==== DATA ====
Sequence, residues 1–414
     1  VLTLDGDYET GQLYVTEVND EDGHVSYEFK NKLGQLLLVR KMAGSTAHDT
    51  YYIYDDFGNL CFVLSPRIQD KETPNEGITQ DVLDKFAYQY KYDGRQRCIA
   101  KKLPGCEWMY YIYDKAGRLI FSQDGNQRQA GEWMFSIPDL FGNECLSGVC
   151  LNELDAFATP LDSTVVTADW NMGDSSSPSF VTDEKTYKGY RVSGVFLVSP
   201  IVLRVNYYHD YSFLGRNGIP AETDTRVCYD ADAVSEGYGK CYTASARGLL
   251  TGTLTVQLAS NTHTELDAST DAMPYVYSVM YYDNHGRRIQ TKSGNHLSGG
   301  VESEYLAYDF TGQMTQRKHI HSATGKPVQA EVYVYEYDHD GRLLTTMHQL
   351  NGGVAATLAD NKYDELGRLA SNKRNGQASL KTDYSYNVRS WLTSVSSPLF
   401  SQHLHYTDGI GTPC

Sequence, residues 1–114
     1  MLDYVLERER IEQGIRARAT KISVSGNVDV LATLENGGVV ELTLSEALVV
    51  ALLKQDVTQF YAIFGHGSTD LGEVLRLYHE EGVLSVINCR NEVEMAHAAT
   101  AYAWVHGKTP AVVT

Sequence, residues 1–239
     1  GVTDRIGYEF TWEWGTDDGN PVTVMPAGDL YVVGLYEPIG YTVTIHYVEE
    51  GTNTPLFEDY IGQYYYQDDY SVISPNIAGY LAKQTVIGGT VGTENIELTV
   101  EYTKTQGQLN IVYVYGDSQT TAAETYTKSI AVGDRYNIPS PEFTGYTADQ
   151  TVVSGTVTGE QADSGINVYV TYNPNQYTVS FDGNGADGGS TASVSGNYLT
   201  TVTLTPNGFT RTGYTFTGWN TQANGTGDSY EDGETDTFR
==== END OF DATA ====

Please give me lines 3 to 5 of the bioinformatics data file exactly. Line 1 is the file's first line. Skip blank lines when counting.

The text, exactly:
    51  YYIYDDFGNL CFVLSPRIQD KETPNEGITQ DVLDKFAYQY KYDGRQRCIA
   101  KKLPGCEWMY YIYDKAGRLI FSQDGNQRQA GEWMFSIPDL FGNECLSGVC
   151  LNELDAFATP LDSTVVTADW NMGDSSSPSF VTDEKTYKGY RVSGVFLVSP